Truly, a week is a long time in politics. Last Friday, Jackson Carlaw resigned as leader of the Scottish Conservatives. And here we are the following Wednesday with the leadership battle to succeed him stitched-up/resolved. The winner, with no votes cast, is Douglas Ross.
Critics may scoff that there was never an embarrassment of riches to choose from so there was no point dragging this Tory version of speed-dating into an agonised courtship. Ross had the backing of everyone who mattered, including Carlaw and Ruth Davidson and – despite his having resigned as a junior minister of state at the Scottish Office over Dominic Cummings’s lockdown road trip– clearly is acceptable to Downing Street. As Winston Churchill once said, when asked why he had approved William Temple as Archbishop of Canterbury – because he was “the only half-crown article in a sixpenny bazaar.”
Only six months ago, when the Scottish Conservatives last elected a leader, scarcely anyone was talking-up Ross’s claim. So it is not clear what in the intervening half-year – apart from resigning from the only government office he has ever held – the MP for Moray has done to make himself the shoe-in now. Except, of course, that his resignation is being portrayed as a point in his favour, given the unpopularity of Boris Johnson and his adviser in Scotland, and the desire for unionists to distance themselves from Downing Street.
Back in February, Carlaw’s victory was not quite a case of Buggins’ turn, but there was a sense that the former car salesman had been a loyal and trusted servant of the party for forty years and that this was a just reward. Even with this prevailing sentimentality, there was a view that it would be better if he was blooded in a leadership campaign, hence Michelle Ballantyne was encouraged to stand against him.
In the event, Carlaw won three-quarters of the votes. But an electorate consisting only of the Scottish Conservative party membership is hardly the widest of franchises or the toughest of gigs. Scottish Tory members are mostly well-mannered types, a hustings with them is not the equivalent of playing the Glasgow Empire on a Saturday night. In total, only 6,498 individuals returned their ballot papers.
So this time the party has cut out the kerfuffle and gone straight for an anointment, with Ross excused from being put through his paces in a leadership contest at a time when even village halls cannot be booked. Even still, the speed with which the party has acted to minimise the risk of any alternative nuisance-maker getting their nominations together, is remarkable.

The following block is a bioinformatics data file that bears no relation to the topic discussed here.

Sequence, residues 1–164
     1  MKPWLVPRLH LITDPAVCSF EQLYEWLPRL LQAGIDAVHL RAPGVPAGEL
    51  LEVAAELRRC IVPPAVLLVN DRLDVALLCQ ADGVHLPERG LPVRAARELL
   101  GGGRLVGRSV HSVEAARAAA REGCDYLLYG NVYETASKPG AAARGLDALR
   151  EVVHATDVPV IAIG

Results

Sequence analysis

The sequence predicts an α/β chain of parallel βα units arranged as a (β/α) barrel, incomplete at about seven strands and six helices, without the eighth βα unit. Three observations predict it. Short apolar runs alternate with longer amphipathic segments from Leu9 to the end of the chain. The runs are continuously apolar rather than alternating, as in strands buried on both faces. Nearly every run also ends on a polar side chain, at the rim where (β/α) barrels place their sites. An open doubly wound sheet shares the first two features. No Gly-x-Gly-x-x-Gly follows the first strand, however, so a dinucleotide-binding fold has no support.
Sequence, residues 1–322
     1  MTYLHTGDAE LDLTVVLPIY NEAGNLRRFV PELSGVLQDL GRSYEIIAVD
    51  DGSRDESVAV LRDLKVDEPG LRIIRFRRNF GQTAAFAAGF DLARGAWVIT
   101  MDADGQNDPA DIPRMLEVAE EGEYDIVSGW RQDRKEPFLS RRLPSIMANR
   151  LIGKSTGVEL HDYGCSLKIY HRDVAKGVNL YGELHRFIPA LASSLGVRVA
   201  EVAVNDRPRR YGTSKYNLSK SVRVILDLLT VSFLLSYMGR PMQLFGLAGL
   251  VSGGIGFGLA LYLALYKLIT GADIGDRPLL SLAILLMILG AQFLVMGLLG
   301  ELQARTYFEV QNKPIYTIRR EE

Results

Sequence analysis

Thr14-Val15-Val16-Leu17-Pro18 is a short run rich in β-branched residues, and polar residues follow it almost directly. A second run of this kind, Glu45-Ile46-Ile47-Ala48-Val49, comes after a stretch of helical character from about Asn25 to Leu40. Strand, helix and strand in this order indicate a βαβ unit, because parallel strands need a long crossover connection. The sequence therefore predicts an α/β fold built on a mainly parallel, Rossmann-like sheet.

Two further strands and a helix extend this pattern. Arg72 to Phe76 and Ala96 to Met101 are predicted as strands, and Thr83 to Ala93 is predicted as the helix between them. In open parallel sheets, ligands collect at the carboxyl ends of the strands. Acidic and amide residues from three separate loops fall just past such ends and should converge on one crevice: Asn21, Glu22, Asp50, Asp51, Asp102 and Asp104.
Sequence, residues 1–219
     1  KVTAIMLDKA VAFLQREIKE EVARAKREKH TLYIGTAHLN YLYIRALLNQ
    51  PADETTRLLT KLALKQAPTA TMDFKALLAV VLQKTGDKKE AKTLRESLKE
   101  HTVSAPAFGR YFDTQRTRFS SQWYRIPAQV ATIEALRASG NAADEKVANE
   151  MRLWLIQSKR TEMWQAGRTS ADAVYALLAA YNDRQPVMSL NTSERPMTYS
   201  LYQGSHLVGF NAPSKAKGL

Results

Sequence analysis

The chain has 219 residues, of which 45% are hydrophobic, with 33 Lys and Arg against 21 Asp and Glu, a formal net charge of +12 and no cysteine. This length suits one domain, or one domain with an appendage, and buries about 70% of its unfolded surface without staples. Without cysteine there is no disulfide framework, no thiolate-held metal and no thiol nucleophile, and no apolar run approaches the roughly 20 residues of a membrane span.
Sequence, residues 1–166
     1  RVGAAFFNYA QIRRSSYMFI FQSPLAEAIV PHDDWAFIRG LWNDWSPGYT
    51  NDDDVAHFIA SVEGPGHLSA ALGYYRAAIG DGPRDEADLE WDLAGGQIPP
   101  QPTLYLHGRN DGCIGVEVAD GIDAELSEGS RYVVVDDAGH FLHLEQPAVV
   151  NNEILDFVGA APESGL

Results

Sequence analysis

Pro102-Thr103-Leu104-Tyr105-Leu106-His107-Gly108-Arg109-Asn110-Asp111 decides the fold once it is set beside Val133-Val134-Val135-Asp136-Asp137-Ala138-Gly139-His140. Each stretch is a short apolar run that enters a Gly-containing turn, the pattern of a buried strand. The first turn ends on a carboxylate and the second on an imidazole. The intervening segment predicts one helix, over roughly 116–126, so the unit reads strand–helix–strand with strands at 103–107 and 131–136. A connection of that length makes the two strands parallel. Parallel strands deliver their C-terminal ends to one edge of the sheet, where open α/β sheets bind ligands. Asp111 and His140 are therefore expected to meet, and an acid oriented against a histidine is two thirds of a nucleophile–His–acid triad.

Ross is young (thirty-seven), discernibly Scottish in accent and tone, locally schooled (in Forres, which is within his north-east of Scotland constituency), laboured in a dairy farm before becoming (briefly) an MSP at Holyrood before in 2017 scalping the SNP’s leader at Westminster, Angus Robertson. The SNP have since run a long campaign to paint him as a part-time MP because he has sought to continue refereeing football matches at the weekend. Voters often do not appreciate their representatives having second jobs, but many will think refereeing the occasional football match is a sign that Ross is well-adjusted, rather than a moonlighter. As the wags have pointed out, what could be better preparation for leading the Scottish Tories than being constantly shouted at and never bbeing allowed a shot at goal?
what could be better preparation for leading the Scottish Tories than being constantly shouted at and never being allowed a shot at goal?
Robertson – who has his own leadership ambitions – reacted to Ross’s emergence as the Tories’ preferred leader with an uncharacteristically personal and aggressive take-down of his vanquisher in Moray for the SNP-supporting newspaper, The National. “I have known Douglas Ross for a long time,” wrote Robertson, “first coming across him at the 2001 Westminster General Election campaign in Moray when he was a precocious Liberal Democrat activist” and whilst the Conservatives now claim Ross is well liked this is “untrue. It wasn’t true among his Moray Council colleagues, among Scottish Parliament colleagues and even at Westminster.”
Popular or not, Ross has proved outspoken, being widely condemned for calling for tougher enforcement against “Gypsy Travellers” as he called them. Although he voted Remain in the 2016 Brexit referendum, he quickly accepted the result and the need to implement it. He voted against Theresa May’s first meaningful vote (missed the second vote in order to be with his policewoman wife at the birth of their first child) before crumbling and – alongside the current prime minister – voting with the government on the third attempt to pass the Withdrawal Agreement. Quixotically, he backed Mark Harper for leader, before switch to Johnson.
Now he finds himself in the sub-optimal situation of being leader of a party whose primary stage is at Holyrood whilst he continues the long distance commute to Westminster. Ruth Davidson will therefore do the honours at the Scottish Parliament until May when the Holyrood elections will see her standing down and Ross (he reasonably calculates) being elected on the regional list for the Highlands and Islands.
Scotland’s media naturally focus on Holyrood and interactions that involve the First Minister, Nicola Sturgeon. If the Scottish Tory response is accorded so much as a soundbite, it will therefore likely be spoken by Ruth Davidson. Ross will therefore struggle to get the attention he needs, whilst his party faces a crucial election in which Davidson will be to the fore but not actually putting herself before the voters.
This is such a handicap that it begs the question, “in their speed to change leaders, have the Tories thought this through?” The reality is that they have. And such is their predicament that none of the alternatives seemed better.
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